1 9 8 9 (USA)
2 x 120 minute episodes
This ABC miniseries (based on a novel by Gloria Naylor) aired over two nights in March 1989 and was produced by Oprah Winfrey’s firm, Harpo Inc. Winfrey served as executive producer and starred in the production.
Spanning several decades, the story depicted the battles fought by African-American women against racism, poverty, and sexism (although interpersonal struggles and conflicts also peppered the storyline).
Mattie Michael (Winfrey) began her journey from her family’s Tennessee farm to the rundown housing project tenement on Brewster Place when she refused to reveal the name of her unborn child’s father to her parents (Mary Alice and Paul Winfield).
Milestones for Mattie included living in the home of kindly Miss Eva (Barbara Montgomery) until she died and willed the house to Mattie, then forfeiting the house when her son, Basil (Eugene Lee), jumped bail after Mattie used their home as collateral for his bond.
She finally arrived at Brewster Place, visibly worn and weary of the world.
Kiswana Browne (Robin Givens) left her wealthy, upper-class family and moved to the neighbourhood to live with her boyfriend. They worked to organise the neighbours, to plan special activities for the neighbourhood, and to protest their excessive rent.
Cora Lee (Phyllis Stickney) continued to have children because she wanted the dependency of infants: once they became toddlers, her interest in them faltered.
By the end of the series, however, she began to see the importance of all her children, and after being prodded by Kiswana. she attended the neighbourhood production of an African-American adaptation of a Shakespearean play.
Miss Sophie (Olivia Cole), an unhappy woman and the neighbourhood busybody, pedalled spiteful gossip about her neighbours in the tenement. Etta Mae (Jackee), Mattie’s flamboyant, cunning and loyal childhood friend, moved to Brewster Place for refuge from her many failed romances.
Lucielia Louise Turner (Lynn Whitfield) – known as “Ciel” – was a housewife and mother who lived a somewhat happy life with her husband, Ben (Moses Gunn), and daughter, Serena, in one of the tenement apartments until Ben lost his job and left home. Ciel then aborted their second child, and Serena was electrocuted when she used a fork to chase a roach into a light socket.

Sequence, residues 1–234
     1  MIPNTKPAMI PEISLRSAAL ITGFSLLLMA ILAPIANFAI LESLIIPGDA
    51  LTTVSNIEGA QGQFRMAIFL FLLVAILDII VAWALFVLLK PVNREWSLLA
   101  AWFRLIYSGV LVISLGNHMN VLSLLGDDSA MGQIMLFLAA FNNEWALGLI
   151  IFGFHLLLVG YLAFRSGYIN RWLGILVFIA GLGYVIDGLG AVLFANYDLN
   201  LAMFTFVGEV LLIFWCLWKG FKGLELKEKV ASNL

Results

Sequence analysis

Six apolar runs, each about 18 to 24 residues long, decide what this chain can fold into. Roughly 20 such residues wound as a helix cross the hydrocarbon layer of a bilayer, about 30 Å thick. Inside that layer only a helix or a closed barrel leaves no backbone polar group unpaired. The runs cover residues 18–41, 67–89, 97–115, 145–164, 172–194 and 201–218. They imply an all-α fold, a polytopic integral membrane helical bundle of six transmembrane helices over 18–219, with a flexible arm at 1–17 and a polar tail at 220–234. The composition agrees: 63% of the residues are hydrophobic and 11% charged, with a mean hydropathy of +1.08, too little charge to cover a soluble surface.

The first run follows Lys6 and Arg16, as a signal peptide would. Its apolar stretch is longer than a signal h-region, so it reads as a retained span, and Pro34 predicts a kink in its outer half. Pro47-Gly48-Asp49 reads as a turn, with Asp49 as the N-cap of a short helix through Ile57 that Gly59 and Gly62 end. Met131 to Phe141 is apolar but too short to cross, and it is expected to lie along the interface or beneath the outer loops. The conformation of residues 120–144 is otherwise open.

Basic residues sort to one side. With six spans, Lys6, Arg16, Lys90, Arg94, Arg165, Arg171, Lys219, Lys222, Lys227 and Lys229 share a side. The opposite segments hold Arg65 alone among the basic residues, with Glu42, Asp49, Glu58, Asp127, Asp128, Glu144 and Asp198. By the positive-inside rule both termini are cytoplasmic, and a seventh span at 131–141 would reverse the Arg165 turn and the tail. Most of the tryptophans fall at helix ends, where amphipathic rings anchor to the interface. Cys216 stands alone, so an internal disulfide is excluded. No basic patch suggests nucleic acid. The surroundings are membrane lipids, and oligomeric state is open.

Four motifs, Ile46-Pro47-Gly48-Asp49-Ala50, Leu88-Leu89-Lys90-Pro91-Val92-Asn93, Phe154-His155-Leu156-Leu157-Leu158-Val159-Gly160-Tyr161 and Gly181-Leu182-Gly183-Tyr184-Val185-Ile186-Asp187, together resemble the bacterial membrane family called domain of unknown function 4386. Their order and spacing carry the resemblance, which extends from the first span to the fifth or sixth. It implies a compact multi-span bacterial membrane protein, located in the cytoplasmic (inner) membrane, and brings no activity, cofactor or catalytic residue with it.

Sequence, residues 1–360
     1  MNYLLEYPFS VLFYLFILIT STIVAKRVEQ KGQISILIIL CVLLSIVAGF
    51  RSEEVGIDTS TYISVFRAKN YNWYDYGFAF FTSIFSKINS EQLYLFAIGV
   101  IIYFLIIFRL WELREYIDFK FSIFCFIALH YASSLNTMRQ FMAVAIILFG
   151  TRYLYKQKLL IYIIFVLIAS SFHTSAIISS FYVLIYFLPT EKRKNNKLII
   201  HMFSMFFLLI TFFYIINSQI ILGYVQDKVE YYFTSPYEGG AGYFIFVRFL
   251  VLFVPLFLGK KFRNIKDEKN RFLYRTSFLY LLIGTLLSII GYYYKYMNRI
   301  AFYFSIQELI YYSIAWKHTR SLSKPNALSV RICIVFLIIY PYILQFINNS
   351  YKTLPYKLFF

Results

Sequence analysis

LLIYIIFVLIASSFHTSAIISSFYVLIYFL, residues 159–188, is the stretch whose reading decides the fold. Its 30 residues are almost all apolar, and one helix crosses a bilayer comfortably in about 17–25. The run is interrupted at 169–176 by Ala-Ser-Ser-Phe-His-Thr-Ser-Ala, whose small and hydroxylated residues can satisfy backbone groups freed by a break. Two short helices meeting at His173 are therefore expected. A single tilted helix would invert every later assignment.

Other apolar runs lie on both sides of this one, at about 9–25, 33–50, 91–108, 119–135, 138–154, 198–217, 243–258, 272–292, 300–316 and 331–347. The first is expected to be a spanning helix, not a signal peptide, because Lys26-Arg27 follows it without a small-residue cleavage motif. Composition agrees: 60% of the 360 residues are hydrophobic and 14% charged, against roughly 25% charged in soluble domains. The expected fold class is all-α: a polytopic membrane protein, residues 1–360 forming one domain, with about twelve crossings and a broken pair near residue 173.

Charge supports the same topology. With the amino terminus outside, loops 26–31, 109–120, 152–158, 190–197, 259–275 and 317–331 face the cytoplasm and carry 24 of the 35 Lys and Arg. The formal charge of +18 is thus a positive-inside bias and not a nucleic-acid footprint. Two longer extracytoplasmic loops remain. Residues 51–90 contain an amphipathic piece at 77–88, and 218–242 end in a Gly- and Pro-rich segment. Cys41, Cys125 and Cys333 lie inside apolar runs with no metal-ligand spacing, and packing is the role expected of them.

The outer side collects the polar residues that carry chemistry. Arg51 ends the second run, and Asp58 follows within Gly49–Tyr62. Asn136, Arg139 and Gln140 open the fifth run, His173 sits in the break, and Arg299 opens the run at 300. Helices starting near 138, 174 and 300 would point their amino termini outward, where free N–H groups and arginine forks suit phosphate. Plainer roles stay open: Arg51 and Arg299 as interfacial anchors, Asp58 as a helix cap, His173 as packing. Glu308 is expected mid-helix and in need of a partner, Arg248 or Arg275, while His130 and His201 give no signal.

Theresa and Lorraine (Paula Kelly and Lonette McKee) decided to reside on Brewster Place because as lesbians they were seeking a place where they could live without ridicule and torment. Their relationship, soon discovered by their neighbours, became the backdrop for the drama’s finale.
Criticism of the miniseries began before the drama aired. The National Association for the Advancement of Colored People (NAACP) requested to review the scripts before production to determine whether the negative images of the African-American male presented in the Naylor book appeared in the television drama. This request was denied, but Winfrey – also concerned with the image of black men in the novel – altered several of the male roles.
Ben Turner, the tenement’s janitor and a drunk in Naylor’s novel, was revamped for the teleplay and, in a scene created especially for the series, explained why he felt pressed into desertion. The producers also attempted to cast actors who could bring a level of sensitivity to the male roles and create characters who were more than one-dimensional villains.
Still, in a two-part series for the Washington Post, Dorothy Gilliam criticised the drama as one of the most stereotype-ridden polemics against black men ever seen on television, a series that, she claimed, trotted out nearly every stereotype of black men that had festered in the mind of the most feverish racist.
Though criticised for its portrayal of African-American men and women, The Women of Brewster Place offered its audience a rare glimpse of the United States’ black working class and conscientiously attempted to probe the personal relationships, dreams, and desires of a group of women who cared about their children and friends, worked long hours at jobs they may have hated in order to survive, and moved forward despite their disappointments.
A spin-off titled simply Brewster Place (also produced by Harpo Inc, aired for a few weeks in 1990 on ABC but was cancelled because of low ratings.
Etta Mae Johnson
Kiswana (Melanie) Browne
Ciel (Lucielia Louise Turner)
Douglas Turner Ward